Advanced Energy Perspectives


Posted by Caitlin Marquis

Oct 26, 2016 3:24:50 PM


This post is one in a series featuring the complete slate of advanced energy technologies outlined in the report This Is Advanced Energy.  


Due to a lack of real-time data, grid operators have traditionally based grid management decisions on worst-case scenarios, resulting in inefficient performance. Over the past few years, transmission system operators have deployed synchrophasors to address this inefficiency. Synchrophasors are devices that measure the frequency, magnitude, and power factors (the alignment of voltage and current) of the grid with high speed and accuracy, then send the data back to control centers. Utilizing data time-stamped from GPS satellites, synchrophasors detect shifts in grid conditions in real time to improve management.

Synchrophasors began significant deployment in 2009, but today there are already around 1,700 synchrophasors in use in North America, providing data coverage of a significant portion of the bulk power system. Utilities and grid operators across the country have installed synchrophasors, from Idaho Power in Idaho and Oregon to American Transmission Co. in Wisconsin to Entergy in Arkansas, Louisiana, and Mississippi. Navigant Research estimates that global annual investment in synchrophasors and other technologies to improve situational awareness of the electric grid will grow from $8.5 billion in 2014 to $16.7 billion in 2023.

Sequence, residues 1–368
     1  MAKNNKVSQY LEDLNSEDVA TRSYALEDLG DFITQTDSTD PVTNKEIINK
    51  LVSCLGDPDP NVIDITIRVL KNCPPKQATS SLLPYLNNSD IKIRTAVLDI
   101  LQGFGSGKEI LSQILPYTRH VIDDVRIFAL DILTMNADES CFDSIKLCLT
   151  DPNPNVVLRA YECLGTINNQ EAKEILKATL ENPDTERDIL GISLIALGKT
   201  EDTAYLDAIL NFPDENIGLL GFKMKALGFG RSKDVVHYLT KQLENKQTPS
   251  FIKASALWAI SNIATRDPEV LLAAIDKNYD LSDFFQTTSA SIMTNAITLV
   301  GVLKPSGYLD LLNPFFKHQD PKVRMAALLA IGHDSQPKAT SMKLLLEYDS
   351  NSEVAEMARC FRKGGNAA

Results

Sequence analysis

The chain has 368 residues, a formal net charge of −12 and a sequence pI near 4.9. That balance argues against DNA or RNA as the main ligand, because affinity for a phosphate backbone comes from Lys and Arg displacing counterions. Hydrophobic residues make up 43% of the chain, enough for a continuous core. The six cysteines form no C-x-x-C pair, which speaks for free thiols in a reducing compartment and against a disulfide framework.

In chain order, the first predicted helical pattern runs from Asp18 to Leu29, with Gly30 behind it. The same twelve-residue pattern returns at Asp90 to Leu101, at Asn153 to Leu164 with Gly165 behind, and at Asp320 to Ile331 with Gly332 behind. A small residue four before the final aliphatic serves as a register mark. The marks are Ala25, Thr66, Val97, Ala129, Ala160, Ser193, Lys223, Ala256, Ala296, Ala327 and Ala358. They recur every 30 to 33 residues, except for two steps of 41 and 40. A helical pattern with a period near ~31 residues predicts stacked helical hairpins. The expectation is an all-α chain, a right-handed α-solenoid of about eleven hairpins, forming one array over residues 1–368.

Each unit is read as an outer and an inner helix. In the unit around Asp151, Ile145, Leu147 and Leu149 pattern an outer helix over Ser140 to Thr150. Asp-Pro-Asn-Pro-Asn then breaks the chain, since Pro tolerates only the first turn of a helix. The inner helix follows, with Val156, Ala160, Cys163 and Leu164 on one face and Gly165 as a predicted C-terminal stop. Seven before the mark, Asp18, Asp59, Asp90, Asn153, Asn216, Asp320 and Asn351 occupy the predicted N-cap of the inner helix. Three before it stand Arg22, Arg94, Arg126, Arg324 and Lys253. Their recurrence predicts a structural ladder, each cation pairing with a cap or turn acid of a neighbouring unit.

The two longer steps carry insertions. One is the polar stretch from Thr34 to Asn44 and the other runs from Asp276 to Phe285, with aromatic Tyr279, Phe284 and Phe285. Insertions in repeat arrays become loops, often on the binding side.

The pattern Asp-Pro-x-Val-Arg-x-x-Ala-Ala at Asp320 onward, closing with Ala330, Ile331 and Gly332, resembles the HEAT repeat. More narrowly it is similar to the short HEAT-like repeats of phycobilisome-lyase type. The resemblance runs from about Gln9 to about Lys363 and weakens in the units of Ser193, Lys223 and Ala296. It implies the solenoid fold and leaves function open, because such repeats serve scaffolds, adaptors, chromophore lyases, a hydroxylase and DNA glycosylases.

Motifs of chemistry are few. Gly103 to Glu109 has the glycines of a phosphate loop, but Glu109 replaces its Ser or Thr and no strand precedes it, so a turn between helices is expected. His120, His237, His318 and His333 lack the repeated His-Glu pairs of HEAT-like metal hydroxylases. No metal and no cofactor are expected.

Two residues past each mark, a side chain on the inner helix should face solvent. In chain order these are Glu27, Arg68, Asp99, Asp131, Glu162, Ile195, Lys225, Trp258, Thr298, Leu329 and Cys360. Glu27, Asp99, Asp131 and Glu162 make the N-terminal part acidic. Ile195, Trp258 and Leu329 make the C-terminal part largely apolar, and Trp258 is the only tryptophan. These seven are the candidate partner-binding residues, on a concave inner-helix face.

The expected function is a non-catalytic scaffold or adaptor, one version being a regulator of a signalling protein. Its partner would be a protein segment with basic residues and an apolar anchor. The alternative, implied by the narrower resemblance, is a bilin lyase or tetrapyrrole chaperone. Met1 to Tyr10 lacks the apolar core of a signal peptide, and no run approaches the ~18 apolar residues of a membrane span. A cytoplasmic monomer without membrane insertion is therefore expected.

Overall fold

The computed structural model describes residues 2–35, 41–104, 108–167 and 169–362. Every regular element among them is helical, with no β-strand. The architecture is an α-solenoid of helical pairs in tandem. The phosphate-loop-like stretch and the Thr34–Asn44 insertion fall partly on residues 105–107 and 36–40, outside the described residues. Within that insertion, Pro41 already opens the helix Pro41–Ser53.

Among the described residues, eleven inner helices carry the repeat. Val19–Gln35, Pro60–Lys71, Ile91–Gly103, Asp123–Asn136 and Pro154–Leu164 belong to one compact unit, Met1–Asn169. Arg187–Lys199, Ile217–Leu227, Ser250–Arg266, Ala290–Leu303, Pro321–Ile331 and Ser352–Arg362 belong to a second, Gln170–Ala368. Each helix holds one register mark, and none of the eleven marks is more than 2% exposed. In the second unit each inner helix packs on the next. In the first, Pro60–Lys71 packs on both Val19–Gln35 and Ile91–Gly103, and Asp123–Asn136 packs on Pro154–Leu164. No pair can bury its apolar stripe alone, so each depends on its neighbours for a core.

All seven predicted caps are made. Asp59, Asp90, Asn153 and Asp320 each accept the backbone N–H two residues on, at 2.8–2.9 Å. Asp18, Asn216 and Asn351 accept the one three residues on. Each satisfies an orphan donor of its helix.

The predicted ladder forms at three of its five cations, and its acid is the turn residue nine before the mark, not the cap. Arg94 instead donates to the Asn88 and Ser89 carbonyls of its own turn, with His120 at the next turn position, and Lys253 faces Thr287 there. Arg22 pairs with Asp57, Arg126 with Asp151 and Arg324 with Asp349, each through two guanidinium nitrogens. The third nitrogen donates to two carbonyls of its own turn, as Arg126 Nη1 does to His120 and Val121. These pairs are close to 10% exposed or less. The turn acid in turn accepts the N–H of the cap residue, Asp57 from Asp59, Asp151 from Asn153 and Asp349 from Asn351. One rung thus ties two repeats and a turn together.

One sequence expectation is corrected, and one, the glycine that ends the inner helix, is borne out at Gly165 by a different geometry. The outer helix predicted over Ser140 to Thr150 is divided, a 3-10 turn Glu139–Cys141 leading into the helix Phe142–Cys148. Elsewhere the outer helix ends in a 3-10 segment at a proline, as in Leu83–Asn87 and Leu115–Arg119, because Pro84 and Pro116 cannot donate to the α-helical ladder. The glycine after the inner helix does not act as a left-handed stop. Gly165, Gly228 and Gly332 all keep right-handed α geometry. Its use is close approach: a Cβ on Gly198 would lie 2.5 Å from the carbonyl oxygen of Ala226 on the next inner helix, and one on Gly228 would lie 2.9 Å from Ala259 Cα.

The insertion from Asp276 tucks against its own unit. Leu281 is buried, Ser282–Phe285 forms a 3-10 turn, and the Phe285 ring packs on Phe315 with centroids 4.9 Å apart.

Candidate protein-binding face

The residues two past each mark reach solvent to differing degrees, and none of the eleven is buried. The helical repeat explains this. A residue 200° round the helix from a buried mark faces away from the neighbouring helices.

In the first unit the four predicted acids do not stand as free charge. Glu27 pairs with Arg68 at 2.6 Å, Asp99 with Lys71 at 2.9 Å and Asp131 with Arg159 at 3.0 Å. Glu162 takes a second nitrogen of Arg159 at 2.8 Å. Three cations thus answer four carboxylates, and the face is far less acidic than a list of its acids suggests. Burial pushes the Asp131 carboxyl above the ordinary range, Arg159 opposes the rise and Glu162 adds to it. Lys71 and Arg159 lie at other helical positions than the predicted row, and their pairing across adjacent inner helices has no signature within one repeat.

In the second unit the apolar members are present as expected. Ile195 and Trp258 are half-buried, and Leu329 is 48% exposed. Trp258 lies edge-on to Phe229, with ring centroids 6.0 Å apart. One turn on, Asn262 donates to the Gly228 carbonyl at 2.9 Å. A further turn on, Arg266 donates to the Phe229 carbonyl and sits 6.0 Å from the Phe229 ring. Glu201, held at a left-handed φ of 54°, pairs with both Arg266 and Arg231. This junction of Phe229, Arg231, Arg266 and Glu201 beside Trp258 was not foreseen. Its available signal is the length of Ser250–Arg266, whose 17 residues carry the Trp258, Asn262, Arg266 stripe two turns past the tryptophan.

Synchrophasor data can be used to improve reliability and resilience by reducing the likelihood of grid disturbances. Dramatic shifts in power conditions between measurement points can signal to grid operators that something is going wrong and corrective measures are needed. When a grid disturbance does occur, accurate data help pinpoint the cause and enable a more effective response. The California Independent System Operator was able to bring a transmission line between California and Arizona back online in contradiction to standing protocol because synchrophasor data showed that conditions were safe. In post-event analyses, synchrophasor data can help assemble accurate, granular timelines of events and reactions.

Synchrophasor data can also improve day-to-day grid operations by enabling better utilization of system assets. In turn, this improved utilization allows operators to safely use a greater portion of the operational range of existing equipment, thus avoiding unnecessary upgrades. Good data can also help manage the ow of energy more efficiently to avoid congestion and minimize line losses, saving customers money. Finally, synchrophasors can help with system planning by improving the accuracy of system modeling.

Learn more about grid technology (as well as the full scope of the advanced energy industry) in This Is Advanced Energy, available for free below:

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Topics: This Is Advanced Energy


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